On Thursday, Feb. 22, West Virginia teachers went on strike for better pay and benefits. Last month, the governor granted a four percent pay increase but teachers were not satisfied. As the strike continued, schools in all 55 state counties were shut down and more than 277,000 students were affected. On March 6, the strike came to an end only after West Virginia legislators unanimously voted to raise the pay by five percent.
Meanwhile in Oklahoma, on the morning of Feb. 23, it was not the teachers who went on strike but the students. Hundreds of students in Bartlesville High School walked out of class and protested against the budget cuts proposed by the Oklahoma State Department of Education.
A bill was passed by the Senate earlier that week in which about $45 million would be cut from different state agencies. The Oklahoma Department of Education will be cut by $16.2 million in the final months of the 2018 fiscal budget.
Despite the disapproval of district officials, numerous students in different school districts are staging walk-outs to protest against the new budget cuts.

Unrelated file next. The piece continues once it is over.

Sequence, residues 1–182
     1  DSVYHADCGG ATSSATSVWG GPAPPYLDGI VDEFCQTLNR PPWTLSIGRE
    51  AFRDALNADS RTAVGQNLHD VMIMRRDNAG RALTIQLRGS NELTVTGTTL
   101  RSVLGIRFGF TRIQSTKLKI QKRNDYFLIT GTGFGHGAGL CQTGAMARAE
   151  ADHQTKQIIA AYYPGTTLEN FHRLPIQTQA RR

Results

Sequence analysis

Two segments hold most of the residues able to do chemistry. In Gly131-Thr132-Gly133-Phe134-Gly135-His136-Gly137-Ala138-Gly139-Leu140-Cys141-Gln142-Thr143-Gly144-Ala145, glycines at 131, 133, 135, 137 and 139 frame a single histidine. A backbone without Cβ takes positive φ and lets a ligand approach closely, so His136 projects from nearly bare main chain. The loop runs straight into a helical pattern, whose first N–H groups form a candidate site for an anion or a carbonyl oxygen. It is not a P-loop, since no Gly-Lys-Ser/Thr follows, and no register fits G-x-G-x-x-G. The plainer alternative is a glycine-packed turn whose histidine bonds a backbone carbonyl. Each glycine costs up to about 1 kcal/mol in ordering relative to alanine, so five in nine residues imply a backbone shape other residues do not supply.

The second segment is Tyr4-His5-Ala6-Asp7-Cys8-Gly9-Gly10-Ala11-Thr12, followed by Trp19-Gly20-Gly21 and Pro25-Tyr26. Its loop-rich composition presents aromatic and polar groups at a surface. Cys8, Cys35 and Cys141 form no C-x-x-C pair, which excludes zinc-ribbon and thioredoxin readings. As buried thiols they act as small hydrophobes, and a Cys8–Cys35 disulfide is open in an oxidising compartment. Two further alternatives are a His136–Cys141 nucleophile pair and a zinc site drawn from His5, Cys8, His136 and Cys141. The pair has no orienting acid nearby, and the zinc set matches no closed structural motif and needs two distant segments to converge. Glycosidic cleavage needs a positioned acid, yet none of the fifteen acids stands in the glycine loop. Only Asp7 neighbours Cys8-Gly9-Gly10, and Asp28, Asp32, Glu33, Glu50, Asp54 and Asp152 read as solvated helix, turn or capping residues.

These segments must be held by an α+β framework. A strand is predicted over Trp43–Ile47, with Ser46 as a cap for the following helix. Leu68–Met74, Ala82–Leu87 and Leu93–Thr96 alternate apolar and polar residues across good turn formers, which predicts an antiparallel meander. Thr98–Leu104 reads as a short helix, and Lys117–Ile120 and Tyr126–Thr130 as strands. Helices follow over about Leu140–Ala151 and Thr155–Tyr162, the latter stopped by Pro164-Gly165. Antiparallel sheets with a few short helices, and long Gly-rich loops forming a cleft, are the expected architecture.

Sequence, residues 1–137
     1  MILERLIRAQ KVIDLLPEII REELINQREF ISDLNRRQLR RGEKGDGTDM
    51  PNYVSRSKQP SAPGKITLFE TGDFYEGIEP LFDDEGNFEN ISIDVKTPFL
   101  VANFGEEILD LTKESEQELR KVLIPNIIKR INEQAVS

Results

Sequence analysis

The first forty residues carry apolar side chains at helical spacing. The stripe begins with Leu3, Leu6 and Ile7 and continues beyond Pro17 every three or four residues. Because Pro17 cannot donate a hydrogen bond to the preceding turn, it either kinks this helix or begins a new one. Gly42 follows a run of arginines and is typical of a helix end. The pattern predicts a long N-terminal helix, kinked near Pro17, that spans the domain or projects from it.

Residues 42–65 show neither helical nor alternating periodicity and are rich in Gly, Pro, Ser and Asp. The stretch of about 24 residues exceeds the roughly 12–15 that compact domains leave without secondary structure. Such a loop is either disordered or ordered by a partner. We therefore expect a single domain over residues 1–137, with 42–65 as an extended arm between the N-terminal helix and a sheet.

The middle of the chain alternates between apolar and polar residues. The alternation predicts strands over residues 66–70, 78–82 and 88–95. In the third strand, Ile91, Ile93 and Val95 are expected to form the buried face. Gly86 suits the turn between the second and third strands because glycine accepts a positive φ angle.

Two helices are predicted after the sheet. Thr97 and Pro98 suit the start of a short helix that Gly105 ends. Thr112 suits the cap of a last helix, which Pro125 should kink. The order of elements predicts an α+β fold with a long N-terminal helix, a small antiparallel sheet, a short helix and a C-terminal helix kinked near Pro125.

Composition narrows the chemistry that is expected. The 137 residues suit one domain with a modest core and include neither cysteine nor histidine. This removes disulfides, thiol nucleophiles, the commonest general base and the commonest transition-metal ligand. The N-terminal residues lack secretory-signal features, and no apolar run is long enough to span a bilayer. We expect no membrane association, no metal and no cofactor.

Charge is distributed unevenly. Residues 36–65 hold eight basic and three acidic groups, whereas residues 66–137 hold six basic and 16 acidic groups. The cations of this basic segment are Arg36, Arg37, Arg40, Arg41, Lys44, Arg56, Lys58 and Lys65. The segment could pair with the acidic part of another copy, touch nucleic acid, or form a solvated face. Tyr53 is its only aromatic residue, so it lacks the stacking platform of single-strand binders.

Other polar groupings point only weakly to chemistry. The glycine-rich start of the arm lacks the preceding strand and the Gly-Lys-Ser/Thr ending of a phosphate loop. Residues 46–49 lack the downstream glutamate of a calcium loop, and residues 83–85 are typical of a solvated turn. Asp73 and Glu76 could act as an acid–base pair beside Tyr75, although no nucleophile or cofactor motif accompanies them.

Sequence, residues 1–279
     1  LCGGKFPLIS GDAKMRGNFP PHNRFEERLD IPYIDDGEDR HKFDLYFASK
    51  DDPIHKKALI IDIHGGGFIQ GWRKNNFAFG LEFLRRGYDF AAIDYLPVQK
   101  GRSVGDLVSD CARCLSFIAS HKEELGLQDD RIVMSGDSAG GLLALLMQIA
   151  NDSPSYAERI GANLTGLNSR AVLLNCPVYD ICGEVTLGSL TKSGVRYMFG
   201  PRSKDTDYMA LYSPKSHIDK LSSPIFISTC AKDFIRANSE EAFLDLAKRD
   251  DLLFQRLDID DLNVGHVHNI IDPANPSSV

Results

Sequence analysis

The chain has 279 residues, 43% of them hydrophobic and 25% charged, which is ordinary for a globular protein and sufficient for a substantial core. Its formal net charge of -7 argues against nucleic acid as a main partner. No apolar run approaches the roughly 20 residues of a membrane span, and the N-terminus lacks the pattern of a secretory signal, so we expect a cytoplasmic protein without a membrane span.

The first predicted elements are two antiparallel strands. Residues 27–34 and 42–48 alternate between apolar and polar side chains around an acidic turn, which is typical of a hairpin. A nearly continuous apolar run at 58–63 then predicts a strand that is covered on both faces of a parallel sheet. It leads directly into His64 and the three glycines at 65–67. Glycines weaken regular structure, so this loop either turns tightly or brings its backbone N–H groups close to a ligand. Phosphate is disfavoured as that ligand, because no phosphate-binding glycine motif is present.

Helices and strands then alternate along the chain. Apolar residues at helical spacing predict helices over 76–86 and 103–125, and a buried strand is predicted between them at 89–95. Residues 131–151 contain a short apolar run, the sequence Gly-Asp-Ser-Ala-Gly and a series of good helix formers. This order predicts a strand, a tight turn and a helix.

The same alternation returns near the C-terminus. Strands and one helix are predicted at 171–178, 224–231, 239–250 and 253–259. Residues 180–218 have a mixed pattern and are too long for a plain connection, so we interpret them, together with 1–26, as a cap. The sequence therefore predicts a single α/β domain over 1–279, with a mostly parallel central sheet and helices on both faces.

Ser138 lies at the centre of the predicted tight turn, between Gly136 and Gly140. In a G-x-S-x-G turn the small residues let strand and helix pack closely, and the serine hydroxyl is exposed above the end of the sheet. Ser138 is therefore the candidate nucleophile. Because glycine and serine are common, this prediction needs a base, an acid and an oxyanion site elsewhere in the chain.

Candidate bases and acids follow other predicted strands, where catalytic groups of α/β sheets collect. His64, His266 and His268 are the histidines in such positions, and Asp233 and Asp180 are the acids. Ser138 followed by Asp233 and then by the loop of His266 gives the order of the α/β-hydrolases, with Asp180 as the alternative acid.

Tulsa Public Schools alone lost about 35 percent of its teachers in the last two years due to low pay to out-of-state jobs or different districts. This new budget cut will not only affect the teachers but also the students as this new cut means using older textbooks and losing other school resources.
Since the mass shooting in Florida, students have been connecting the fear of school violence to the lack of funding, according to the Sand Springs Public Schools Superintendent Sherry Durkee.
As of now, Oklahoma teachers are considering a statewide walkout, according to The Hill.
The Tulsa Classroom Teachers Association, the local affiliate of the Oklahoma Education Association, said in a statement that “while we are hoping to avoid the need for a teacher walk-out and district shutdown, we stand ready to support those actions should they become necessary.”